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In the Matter of Chautauqua County Department v. Jack A. Calhoun
July 2, 2009
IN THE MATTER OF CHAUTAUQUA COUNTY DEPARTMENT OF SOCIAL SERVICES, ON BEHALF OF MELISSA M. CARDONE,
JACK A. CALHOUN, JR.,
Appeal from an order of the Family Court, Chautauqua County (Judith S. Claire, J.), entered July 28, 2008 in a proceeding pursuant to Family Court Act article 4.
PRESENT: HURLBUTT, J.P., SMITH, CENTRA, PINE, AND GORSKI, JJ.
The order, inter alia, denied the objections of petitioner to the order of the Support Magistrate. It is hereby ORDERED that the order so appealed from is unanimously modified on the law by granting the objections in part and vacating the directive that the New York State order shall terminate in 90 days if not registered in a state in which one of the parties resides and as modified the order is affirmed without costs. Memorandum: Petitioner, Chautauqua County Department of Social Services (DSS), commenced this proceeding on behalf of the mother of the child in question seeking to hold respondent father in violation of a child support order. At the time of the initial child support order, the mother resided with the child in New York, and the father resided in Florida. In its violation petition, DSS alleged upon information and belief that the mother still resided in New York, but the mother had in fact moved with the child to Florida. The father appeared in the proceeding and admitted the allegations with respect to his violation of the support order. The Support Magistrate determined the amount of arrears, continued the order of support, and entered judgments in favor of the mother and DSS. The Support Magistrate further ordered the parties to "register the order in their state of residence within 90 days." The Support Magistrate directed that "[t]he New York State Order shall terminate in 90 days, if Order is not registered in a state in which one of the parties resides." Family Court denied the objections of DSS and affirmed the order. We agree with DSS that the court erred in affirming the order of the Support Magistrate insofar as it directed that the child support order would terminate in 90 days in the event that the order of the Support Magistrate was not registered in another state, and we therefore modify the order accordingly. The court lost continuing, exclusive jurisdiction to modify the child support provisions when both parties and the child[ ] all moved out of state" (Holloway v Holloway, 35 AD3d 1126, 1127; see Family Ct Act § 580-205 [a] ; Matter of Catalano v Catalano, 295 AD2d 605). Thus, although the New York court may enforce the order of child support, the court is without authority to modify it (see § 580-205 [c]; Catalano, 295 AD2d at 606). We conclude that, by directing that the child support order would terminate in 90 days in the event that it was not registered in another state, the court was in effect modifying the order of support but lacked the authority to do so.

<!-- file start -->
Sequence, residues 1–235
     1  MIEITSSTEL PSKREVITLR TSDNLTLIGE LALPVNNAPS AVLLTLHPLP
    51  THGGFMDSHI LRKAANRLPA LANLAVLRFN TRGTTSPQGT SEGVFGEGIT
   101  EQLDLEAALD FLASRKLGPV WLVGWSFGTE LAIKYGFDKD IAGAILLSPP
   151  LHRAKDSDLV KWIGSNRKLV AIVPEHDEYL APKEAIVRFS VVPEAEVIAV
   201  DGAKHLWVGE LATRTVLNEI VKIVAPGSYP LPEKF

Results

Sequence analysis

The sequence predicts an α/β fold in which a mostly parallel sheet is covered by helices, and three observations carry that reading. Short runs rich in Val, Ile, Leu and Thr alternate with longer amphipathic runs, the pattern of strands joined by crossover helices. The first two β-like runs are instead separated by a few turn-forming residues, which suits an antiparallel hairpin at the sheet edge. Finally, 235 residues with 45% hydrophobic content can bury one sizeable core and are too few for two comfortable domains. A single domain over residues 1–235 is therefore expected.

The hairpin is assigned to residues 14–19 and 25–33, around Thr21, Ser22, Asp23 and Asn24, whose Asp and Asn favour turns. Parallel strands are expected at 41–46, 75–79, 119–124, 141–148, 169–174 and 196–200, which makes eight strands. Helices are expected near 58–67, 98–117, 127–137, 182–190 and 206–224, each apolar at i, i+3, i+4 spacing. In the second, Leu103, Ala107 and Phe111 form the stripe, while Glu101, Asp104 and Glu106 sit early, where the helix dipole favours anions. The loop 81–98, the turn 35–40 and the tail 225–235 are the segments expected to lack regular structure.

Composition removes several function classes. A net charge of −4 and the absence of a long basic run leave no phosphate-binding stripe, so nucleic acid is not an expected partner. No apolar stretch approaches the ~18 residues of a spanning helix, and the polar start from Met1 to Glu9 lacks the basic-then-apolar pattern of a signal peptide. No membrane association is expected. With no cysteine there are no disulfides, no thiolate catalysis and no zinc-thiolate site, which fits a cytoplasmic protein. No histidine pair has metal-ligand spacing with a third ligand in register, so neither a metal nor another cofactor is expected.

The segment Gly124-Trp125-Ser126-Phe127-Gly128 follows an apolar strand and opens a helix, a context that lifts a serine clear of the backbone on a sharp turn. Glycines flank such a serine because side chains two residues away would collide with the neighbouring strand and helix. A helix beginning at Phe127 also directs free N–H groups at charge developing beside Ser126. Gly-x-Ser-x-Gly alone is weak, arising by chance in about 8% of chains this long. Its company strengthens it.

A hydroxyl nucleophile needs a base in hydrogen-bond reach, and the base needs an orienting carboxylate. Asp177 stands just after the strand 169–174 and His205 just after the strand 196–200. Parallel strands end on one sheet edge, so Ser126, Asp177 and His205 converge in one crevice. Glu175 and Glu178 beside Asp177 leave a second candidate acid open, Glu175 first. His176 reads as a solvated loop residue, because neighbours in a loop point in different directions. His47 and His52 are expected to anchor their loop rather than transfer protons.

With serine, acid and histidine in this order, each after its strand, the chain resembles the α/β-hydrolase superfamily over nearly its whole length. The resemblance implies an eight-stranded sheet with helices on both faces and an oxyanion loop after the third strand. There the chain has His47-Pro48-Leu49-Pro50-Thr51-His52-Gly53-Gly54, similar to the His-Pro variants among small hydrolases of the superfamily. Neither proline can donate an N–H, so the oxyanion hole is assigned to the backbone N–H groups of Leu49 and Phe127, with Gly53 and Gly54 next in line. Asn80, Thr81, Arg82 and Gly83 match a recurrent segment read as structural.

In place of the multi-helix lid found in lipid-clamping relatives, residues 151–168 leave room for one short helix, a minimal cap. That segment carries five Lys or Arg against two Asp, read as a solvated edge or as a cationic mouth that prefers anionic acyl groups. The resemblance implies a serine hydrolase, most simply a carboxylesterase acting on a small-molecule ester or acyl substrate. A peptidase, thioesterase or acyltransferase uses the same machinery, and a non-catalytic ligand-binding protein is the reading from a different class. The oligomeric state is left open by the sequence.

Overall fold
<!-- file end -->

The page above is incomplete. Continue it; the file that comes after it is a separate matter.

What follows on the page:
Patricia L. Morgan Clerk of the Court
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